with the piano dates at least as far back as the mid-1960s, when his parentsBurton
Caine C49, a professor of law at Temple University, and Shulamith Wechter
Caine, a poet and professor of English at Drexelenrolled him in lessons.
He was eight years old.
was moderately into it, Caine recalls, but when I was about 13 I met
Bernard Peiffer, who was a French pianist who lived in Philly. He influenced
a lot of the musicians who were coming up in Philadelphia. And he stressed
the importance of studying classical music as a way to get towards a certain
facility on the piano, in order to improvise. So I would say he was really
the first big influence that I had.
years later, while still working with Peiffer, Caine began an informal
apprenticeship with the noted composer George Rochberg G49, who had won
renown within the academic classical realm in the 1940s and 1950s for
his considerable contributions to serial music. At the time, serialismthe
cerebral, atonal compositional method conceived by Arnold Schoenberg and
refined by his pupil Anton von Webernhad just begun its reign of influence.
Rochberg not only composed serial, or 12-tone, music; he also published
the first study on the subject. But by the end of the sixties, Rochberg
had become disenchanted with the movement, and gradually embarked upon
a reevaluation of tonal music. This decision, perceived by most modernists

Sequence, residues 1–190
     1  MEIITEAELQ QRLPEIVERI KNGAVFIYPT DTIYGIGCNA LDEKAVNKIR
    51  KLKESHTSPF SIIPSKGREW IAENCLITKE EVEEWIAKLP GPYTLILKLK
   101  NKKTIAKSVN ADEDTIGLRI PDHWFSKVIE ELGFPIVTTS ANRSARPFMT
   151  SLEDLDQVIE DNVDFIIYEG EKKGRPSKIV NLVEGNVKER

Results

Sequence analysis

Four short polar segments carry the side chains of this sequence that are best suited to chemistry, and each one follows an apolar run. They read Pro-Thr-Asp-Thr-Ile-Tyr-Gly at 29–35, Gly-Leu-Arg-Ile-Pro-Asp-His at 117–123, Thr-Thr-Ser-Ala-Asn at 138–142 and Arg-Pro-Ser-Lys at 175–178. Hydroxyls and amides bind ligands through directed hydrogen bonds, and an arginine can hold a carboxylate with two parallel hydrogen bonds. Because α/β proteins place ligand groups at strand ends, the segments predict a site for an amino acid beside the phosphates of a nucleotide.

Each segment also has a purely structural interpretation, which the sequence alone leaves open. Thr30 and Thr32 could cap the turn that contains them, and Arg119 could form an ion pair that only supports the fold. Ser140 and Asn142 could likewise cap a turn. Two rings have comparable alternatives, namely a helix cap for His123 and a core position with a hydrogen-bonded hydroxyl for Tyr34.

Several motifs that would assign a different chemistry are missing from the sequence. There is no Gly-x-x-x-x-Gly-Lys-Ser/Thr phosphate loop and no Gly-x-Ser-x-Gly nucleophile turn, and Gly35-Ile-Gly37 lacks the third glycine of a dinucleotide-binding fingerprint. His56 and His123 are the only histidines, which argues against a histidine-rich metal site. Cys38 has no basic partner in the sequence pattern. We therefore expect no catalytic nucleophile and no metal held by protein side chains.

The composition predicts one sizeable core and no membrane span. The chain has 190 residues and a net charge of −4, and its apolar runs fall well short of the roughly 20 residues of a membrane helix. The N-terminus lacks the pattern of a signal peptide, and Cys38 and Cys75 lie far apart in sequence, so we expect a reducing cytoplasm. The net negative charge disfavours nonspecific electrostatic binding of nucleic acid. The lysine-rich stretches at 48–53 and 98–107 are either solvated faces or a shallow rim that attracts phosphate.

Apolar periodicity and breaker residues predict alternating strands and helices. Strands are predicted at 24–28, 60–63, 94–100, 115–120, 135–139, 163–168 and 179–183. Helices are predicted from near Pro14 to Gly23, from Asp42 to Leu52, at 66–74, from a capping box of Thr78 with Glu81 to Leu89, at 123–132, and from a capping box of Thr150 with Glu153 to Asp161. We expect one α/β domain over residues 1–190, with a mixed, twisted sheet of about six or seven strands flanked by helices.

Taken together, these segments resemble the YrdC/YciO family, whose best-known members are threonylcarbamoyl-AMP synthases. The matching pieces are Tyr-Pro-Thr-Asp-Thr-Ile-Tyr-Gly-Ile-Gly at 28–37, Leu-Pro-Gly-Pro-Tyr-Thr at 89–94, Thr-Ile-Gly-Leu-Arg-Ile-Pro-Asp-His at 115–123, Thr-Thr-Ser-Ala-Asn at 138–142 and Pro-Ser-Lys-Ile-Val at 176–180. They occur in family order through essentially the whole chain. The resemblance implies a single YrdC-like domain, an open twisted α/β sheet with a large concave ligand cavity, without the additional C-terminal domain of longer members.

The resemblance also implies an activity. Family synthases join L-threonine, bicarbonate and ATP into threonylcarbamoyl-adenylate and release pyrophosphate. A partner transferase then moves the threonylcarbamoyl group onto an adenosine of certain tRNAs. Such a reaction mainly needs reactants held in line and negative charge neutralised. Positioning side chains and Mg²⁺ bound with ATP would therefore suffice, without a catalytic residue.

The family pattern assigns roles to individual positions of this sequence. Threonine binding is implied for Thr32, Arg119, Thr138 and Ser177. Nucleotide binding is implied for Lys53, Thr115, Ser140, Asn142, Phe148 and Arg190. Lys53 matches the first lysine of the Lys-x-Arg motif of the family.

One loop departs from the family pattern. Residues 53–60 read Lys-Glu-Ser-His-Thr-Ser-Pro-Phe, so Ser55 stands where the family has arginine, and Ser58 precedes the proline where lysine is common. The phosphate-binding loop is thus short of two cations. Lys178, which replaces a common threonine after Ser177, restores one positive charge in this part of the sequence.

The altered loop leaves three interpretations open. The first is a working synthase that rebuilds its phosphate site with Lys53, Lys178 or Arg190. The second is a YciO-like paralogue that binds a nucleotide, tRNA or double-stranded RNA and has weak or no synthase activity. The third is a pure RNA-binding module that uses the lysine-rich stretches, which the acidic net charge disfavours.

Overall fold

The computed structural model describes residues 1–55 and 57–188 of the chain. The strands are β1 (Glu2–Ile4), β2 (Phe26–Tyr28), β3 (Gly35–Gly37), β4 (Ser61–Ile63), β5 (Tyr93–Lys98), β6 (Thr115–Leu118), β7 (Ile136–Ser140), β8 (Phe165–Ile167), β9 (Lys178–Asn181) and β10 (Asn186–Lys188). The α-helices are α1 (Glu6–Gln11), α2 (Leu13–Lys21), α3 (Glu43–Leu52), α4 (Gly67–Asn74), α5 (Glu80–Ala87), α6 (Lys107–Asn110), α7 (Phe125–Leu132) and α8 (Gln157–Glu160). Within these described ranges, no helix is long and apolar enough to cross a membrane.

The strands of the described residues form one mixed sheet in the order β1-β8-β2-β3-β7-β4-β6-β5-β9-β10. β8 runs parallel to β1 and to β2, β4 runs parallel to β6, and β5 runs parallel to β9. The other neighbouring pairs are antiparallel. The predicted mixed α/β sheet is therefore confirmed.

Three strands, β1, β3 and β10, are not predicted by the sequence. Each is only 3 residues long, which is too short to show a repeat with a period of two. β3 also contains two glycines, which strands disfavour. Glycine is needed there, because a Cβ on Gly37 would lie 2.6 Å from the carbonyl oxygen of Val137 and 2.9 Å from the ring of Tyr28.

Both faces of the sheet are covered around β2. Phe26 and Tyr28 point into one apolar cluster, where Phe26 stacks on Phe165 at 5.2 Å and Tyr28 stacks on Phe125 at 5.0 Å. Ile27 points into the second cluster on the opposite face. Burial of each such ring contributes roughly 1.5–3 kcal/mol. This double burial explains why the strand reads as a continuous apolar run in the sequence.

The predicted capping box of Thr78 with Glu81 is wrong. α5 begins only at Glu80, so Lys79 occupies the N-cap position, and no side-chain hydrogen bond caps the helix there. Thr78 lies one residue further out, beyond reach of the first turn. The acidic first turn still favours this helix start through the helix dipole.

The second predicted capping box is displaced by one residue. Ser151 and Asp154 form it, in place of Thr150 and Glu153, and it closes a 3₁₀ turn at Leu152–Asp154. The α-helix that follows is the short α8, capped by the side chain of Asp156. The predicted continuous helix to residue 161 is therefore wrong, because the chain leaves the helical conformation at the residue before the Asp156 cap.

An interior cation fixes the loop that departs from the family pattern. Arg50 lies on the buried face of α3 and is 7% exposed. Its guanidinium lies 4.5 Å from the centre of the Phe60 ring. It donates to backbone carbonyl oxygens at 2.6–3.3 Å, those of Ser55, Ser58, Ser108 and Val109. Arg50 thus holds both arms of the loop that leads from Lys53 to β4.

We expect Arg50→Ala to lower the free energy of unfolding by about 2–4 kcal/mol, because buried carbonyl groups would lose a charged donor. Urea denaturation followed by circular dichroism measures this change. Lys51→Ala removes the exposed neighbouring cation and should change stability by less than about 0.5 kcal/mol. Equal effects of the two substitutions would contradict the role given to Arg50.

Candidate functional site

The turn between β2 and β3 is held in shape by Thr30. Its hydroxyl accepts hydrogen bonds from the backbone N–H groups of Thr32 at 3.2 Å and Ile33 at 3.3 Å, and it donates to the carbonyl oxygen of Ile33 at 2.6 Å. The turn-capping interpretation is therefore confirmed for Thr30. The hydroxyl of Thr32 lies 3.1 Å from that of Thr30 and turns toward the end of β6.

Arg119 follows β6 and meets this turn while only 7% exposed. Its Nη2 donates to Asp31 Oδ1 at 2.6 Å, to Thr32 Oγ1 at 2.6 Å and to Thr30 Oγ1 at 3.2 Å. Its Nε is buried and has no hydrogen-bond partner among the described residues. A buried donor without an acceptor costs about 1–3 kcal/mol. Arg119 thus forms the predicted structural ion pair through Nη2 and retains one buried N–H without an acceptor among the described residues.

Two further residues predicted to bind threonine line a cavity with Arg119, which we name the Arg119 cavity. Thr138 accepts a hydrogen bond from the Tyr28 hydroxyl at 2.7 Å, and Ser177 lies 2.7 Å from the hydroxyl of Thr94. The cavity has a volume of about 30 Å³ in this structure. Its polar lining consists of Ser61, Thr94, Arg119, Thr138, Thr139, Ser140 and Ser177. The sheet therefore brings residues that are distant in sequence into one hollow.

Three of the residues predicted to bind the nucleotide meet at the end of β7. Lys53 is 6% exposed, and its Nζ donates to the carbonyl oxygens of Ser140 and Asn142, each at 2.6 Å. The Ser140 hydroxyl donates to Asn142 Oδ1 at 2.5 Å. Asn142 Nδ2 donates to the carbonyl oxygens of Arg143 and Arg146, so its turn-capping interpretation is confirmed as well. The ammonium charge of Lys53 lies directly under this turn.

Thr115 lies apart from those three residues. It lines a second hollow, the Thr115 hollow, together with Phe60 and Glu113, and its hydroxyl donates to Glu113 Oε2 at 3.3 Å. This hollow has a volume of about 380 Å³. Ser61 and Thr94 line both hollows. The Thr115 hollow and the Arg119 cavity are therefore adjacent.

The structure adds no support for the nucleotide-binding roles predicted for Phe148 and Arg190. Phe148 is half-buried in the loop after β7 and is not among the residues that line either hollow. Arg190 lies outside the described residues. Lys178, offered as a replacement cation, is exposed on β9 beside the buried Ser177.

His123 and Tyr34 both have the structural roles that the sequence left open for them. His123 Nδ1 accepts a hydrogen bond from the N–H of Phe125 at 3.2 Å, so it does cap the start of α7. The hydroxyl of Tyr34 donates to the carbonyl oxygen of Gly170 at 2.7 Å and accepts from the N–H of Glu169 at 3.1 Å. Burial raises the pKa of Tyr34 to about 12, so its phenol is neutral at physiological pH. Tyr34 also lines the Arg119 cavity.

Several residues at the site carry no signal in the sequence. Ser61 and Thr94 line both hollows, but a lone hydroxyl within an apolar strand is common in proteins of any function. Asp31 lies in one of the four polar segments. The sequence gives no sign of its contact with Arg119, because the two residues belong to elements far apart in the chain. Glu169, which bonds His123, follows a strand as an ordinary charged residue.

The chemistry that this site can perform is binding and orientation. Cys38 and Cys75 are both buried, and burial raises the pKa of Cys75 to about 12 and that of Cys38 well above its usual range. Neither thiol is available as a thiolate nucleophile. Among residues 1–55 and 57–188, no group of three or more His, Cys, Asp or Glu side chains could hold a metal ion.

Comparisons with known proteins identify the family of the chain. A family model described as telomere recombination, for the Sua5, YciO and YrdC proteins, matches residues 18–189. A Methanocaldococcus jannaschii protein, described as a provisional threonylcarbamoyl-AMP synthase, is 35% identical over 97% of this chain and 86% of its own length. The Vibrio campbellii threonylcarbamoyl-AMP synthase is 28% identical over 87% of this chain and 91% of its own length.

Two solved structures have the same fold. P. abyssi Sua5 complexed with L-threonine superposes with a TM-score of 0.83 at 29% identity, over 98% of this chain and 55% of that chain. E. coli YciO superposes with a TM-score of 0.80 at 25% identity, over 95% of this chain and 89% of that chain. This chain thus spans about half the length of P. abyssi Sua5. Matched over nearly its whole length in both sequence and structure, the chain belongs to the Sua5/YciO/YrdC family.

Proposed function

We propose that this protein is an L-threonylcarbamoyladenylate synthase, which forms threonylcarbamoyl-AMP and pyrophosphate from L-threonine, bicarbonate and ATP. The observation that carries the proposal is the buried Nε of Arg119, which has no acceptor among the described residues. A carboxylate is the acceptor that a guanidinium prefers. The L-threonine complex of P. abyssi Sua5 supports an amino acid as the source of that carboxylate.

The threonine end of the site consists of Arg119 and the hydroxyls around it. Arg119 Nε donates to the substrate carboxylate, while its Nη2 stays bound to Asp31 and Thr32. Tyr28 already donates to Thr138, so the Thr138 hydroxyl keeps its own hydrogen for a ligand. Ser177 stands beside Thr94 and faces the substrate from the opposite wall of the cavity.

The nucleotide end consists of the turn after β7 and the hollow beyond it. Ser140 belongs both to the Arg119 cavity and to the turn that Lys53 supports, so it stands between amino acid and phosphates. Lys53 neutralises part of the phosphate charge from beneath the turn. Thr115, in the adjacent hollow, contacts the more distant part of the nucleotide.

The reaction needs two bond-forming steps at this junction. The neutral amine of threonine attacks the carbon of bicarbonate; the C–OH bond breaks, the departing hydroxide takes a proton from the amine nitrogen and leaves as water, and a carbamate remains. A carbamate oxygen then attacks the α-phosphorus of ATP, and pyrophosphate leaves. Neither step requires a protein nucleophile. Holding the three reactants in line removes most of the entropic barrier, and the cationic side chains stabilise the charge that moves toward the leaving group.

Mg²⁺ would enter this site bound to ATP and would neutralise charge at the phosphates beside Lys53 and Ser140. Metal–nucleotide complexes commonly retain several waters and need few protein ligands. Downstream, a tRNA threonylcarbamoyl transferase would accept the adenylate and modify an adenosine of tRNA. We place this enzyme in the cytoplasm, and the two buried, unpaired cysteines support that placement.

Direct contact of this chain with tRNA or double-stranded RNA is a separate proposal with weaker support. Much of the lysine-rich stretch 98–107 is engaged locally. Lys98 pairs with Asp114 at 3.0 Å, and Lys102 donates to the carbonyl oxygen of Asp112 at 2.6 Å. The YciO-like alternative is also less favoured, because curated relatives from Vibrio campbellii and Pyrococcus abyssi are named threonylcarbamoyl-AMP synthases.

as a defection, alienated the composer from the classical music establishment.
Nevertheless, Rochberg chaired Penns music department from 1960 to 1968,
and served on the faculty for another 15 years.
emeritus professor of music, Rochberg remembers the adolescent Caine for
his intuition, his talent and his very large flexibility of mind and
nature. He gave his young protÈgÈ weekly assignments in composition.
Caine explains: Basically he would take a formlike a Chopin prelude
or a Bach choraleand say: Study examples of this. And we would study,
and he would say: Write one or two, and bring them in. So every week
I would be writing pieces in different styles. It forced me to really
break things down in terms of understandingharmonically and formallya
lot of different pieces. I wasnt really sure how that was going to connect
with a lot of the jazz stuff that I was doing in terms of playing. But
it was more a general music understanding; especially of harmony and form.
was also honing his craft on the bandstand. Philadelphia has always had
a well-deserved reputation as an incubator for emerging jazz talent. In
those years, the city boasted a haphazard network of clubs, bars and neighborhood
joints. Caine dove into this scene headfirst. The jazz sound occasionally
identified as the Philly stylea rhythmically aggressive branch of bebop
exemplified by (but certainly not limited to) such musicians as Lee Morgan,
Benny Golson and Philly Joe Jonesimpressed itself upon the aspiring pianist.
By the time he came to Penn as a student in 1977, he was playing at a
notes that the University was not exactly a haven for jazz musicians.
Penn was the type of place where they didnt even have a jazz program,